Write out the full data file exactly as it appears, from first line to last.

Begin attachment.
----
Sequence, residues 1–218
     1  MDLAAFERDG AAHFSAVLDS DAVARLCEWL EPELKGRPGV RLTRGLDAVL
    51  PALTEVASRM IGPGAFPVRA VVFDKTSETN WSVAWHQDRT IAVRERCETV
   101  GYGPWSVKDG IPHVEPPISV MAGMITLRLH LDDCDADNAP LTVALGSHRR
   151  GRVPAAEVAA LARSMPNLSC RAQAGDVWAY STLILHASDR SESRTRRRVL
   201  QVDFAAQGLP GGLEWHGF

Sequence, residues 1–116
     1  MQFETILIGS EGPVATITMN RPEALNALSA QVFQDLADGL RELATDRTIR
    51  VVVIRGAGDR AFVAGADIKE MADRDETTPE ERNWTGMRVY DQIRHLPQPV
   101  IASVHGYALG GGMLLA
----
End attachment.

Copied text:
Sequence, residues 1–218
     1  MDLAAFERDG AAHFSAVLDS DAVARLCEWL EPELKGRPGV RLTRGLDAVL
    51  PALTEVASRM IGPGAFPVRA VVFDKTSETN WSVAWHQDRT IAVRERCETV
   101  GYGPWSVKDG IPHVEPPISV MAGMITLRLH LDDCDADNAP LTVALGSHRR
   151  GRVPAAEVAA LARSMPNLSC RAQAGDVWAY STLILHASDR SESRTRRRVL
   201  QVDFAAQGLP GGLEWHGF

Sequence, residues 1–116
     1  MQFETILIGS EGPVATITMN RPEALNALSA QVFQDLADGL RELATDRTIR
    51  VVVIRGAGDR AFVAGADIKE MADRDETTPE ERNWTGMRVY DQIRHLPQPV
   101  IASVHGYALG GGMLLA